August 29, 2008

Give it time

Filed under: Uncategorized — Tags: , , — Tina Russell @ 10:25 pm

Please read.

Response: Young transsexuals should be allowed to put puberty on hold | Comment is free | The Guardian
Your article (‘My body is wrong‘, G2, August 14) sensitively reports the anguish of the young teenage transsexual as the body changes in the direction of the wrong sex. That anguish is medically treated in other countries. But in the UK the “wrong puberty” is allowed to progress for years before treatment. Not only are these unwanted body changes traumatic as they develop, but if the teenager goes on to live as an adult of the other sex, they pose additional hardship. Aptly, the article tells of a mother whose (now) daughter was denied hormone treatment “until the age of 16, by which point she already had an Adam’s apple, a deep voice and facial hair”.

It is difficult for someone who is not a parent of a very distressed – perhaps suicidal – young teenage transsexual to empathise with what appears to be such a radical treatment. This is similar to the situation 40 years ago with sex-change surgery for adult transsexuals. In 1969, when I endorsed the first transsexual surgery for the University of California Los Angeles Medical Center, not only were most physicians opposed, but I was, with my surgical colleague, concerned about the possibility of prosecution for mayhem, punishable by 14 years in prison.

There are arguments against early puberty suspension. Your article quotes Polly Carmichael of Gender Identity Development Service as saying: “The Dutch data [on gender suspension] looks promising. But they have not been doing it for so many years that you have long-term follow-up.” Perhaps. But we do have long-term follow-up of the consequences of denying timely treatment.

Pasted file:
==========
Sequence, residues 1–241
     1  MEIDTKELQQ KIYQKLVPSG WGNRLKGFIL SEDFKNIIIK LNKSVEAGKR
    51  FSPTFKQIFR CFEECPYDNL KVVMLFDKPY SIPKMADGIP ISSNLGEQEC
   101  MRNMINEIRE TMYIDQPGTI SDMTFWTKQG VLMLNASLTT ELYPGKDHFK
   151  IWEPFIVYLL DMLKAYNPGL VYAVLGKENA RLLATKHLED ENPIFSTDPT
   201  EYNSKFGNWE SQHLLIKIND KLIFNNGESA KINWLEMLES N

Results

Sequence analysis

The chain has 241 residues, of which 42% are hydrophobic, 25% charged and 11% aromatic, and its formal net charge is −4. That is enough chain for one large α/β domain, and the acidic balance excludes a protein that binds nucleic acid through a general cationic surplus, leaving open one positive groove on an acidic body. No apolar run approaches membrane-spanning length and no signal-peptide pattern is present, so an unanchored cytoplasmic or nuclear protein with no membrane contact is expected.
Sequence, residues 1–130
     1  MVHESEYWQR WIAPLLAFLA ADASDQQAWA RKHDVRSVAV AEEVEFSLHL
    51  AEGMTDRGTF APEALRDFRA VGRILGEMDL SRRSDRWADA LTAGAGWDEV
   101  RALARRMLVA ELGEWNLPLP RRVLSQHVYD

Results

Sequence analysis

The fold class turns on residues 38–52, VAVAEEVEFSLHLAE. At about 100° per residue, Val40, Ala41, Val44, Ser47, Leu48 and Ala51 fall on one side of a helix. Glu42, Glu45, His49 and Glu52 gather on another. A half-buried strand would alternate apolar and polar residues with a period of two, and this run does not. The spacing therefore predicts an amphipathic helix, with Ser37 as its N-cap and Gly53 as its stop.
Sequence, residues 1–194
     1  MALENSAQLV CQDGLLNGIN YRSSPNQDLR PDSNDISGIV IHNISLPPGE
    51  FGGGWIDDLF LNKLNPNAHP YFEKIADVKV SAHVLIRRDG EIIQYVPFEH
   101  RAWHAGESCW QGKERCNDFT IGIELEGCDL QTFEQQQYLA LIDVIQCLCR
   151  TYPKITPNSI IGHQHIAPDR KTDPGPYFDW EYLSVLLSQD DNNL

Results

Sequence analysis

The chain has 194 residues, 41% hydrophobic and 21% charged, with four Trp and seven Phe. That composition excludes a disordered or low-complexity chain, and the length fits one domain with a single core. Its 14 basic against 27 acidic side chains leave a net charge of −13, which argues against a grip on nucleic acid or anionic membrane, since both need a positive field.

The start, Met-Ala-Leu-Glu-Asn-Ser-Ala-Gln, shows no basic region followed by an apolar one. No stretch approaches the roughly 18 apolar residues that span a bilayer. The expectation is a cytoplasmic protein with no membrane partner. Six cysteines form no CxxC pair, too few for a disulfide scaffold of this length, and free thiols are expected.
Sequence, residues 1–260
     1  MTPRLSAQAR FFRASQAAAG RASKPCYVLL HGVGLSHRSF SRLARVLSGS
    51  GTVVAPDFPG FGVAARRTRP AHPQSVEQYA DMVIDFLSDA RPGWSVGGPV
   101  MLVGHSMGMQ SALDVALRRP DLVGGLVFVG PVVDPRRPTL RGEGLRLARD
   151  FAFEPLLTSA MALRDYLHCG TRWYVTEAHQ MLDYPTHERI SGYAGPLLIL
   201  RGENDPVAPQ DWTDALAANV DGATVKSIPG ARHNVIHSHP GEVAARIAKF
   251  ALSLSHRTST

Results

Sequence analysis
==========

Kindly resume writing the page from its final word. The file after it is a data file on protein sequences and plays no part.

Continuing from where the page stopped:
April 7, 2008

Awesome Transsexuals: Vikki-Marie Gaynor

Filed under: Uncategorized — Tags: , , , — Tina Russell @ 8:29 pm

Transsexual trucker wins sex discrimination claim – icWales

A transsexual trucker has won a sex discrimination claim after he was forced out of his job just weeks after arriving at work dressed as a woman.

Former soldier Mike Gaynor was well-liked and respected in his trucking job in Liverpool, which he landed in October 2006.

While I’m annoyed that this paper got the name and pronouns wrong–a horrendous practice that seems to be abating at most respectable newspapers–I am happy at every precedent that says that transsexuals, indeed, have rights. Also, this should help reveal to people how widespread this kind of discrimination is, so that we may end it once and for all.

You should not lose your job for being who you are, no less than a cissexual man should be punished for coming to work wearing a dress shirt and pants. Obviously, companies have the right to set a dress code, but they ought to be accomodating to someone honest and forthright about his or her transition.

Discrimination sucks, and that you simply do not understand the group you are discriminating against is no excuse. Maybe you’ll listen after you’re sued successfully for firing a good employee.